Temporary Suspension of Reference Collection Research
Due to preservation and maintenance work scheduled for the park archives and research room/library space, new public research requests will not be filled from June 1st to at least September 30th, 2013.
Floodplains are primarily located along the shores of the Potomac and ShenandoahRivers, sometimes reaching inland along stream banks that drain into these rivers. Many forests on the lower floodplain are dominated by silver maple (Acer saccharinum), sycamore (Platanus occidentalis), and green ash (Fraxinus pennsylvanica). Upper floodplains are commonly covered with tulip poplar (Liriodendron tulipifera), sugar maple (Acer saccharum), hackberry (Celtis occidentalis), and white ash (Fraxinus americana). During a recent vegetation inventory, Shumard oak (Quercus shumardii) was recorded for the first time in the park along the banks of the Potomac. This tree is one of the largest oaks, preferring moist, well-drained, bottomland soils on stream and river banks.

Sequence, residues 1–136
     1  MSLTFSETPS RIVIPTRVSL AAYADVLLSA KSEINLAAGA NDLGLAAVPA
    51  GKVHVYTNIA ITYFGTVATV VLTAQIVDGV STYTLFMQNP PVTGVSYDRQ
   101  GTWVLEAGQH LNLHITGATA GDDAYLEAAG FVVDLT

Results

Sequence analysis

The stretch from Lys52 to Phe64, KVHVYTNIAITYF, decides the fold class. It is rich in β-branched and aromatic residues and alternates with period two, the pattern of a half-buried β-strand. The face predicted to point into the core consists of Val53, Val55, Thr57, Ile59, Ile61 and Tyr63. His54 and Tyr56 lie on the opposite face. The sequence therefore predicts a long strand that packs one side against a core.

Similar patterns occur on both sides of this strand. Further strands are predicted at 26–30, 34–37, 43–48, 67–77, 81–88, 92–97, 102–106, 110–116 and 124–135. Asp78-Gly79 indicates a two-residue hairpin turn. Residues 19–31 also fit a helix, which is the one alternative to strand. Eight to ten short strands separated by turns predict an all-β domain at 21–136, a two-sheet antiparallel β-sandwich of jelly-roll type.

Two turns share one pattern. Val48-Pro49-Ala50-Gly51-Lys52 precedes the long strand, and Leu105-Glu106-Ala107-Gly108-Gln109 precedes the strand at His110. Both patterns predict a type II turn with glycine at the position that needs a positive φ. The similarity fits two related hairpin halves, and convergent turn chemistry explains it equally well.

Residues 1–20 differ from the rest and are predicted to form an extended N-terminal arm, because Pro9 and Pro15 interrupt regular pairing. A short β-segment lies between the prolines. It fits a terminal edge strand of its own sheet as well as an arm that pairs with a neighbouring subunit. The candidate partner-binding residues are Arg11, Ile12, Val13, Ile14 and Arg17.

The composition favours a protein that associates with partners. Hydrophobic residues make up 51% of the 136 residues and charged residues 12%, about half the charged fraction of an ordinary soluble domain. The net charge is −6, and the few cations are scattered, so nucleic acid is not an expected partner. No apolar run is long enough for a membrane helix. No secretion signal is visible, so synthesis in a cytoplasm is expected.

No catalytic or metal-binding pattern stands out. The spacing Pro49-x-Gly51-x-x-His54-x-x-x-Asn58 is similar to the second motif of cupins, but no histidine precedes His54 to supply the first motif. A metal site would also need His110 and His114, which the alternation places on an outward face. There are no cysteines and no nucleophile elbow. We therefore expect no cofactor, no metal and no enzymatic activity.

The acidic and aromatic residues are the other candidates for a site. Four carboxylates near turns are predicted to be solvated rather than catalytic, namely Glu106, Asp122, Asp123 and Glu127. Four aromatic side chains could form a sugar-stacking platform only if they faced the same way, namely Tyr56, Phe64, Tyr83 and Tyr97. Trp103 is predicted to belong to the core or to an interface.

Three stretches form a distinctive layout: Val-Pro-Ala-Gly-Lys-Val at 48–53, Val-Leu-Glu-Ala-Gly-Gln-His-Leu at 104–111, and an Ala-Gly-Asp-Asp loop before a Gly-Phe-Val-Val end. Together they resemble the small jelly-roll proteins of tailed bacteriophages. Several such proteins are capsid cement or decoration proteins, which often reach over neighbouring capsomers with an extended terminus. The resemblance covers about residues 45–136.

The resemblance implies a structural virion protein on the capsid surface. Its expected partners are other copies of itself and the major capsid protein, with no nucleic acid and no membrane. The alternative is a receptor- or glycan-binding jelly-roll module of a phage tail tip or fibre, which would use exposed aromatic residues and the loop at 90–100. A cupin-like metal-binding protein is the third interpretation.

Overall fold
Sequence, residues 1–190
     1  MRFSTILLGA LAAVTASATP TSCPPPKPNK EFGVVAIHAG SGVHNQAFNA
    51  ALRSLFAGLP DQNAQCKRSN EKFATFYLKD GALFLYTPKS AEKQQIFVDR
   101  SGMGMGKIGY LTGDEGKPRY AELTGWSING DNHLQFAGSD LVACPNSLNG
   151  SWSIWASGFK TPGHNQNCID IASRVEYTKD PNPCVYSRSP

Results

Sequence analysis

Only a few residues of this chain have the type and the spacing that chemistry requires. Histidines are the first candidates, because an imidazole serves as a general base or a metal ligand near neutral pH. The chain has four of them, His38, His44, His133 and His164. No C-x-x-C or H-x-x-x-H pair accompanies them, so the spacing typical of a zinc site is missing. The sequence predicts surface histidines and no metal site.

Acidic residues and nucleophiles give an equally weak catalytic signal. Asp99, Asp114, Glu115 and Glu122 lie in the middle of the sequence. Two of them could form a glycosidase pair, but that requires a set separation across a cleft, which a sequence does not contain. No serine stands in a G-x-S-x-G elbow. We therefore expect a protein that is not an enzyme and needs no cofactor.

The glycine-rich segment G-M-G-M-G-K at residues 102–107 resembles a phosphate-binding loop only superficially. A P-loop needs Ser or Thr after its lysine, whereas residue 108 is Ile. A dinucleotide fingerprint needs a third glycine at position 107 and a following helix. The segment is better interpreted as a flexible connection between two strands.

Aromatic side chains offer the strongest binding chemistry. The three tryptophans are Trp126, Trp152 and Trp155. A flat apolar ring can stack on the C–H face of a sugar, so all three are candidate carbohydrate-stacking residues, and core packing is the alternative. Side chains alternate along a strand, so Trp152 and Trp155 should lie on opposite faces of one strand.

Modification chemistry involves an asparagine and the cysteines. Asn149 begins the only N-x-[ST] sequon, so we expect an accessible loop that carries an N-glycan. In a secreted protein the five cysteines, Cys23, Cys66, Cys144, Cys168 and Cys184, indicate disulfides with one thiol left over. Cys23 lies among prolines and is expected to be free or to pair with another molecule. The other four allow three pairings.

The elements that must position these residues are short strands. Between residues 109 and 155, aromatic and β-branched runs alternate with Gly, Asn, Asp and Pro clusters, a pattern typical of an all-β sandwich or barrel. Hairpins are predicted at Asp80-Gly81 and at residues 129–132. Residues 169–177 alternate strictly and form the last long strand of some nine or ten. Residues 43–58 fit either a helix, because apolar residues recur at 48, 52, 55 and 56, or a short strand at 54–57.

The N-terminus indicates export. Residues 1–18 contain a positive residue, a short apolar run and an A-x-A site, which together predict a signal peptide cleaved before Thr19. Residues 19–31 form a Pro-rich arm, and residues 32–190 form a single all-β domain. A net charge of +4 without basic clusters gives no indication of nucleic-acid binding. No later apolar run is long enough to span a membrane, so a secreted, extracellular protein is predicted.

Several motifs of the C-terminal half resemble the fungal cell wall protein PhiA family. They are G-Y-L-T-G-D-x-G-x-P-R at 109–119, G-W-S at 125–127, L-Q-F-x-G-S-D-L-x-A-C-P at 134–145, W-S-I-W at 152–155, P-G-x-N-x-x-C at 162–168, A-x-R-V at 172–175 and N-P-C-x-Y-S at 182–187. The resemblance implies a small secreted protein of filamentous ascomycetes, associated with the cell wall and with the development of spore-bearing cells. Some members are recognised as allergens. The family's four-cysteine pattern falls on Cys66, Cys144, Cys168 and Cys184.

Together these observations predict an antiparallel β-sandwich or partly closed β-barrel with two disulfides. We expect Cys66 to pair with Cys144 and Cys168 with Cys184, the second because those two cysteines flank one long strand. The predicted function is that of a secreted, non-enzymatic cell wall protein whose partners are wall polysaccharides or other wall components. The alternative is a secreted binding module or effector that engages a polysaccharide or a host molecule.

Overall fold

Did You Know?
On July 14, 1896, during their first National Convention, the National League of Colored Women visited the John Brown Fort. They were the first group known to make such a pilgrimage to this site.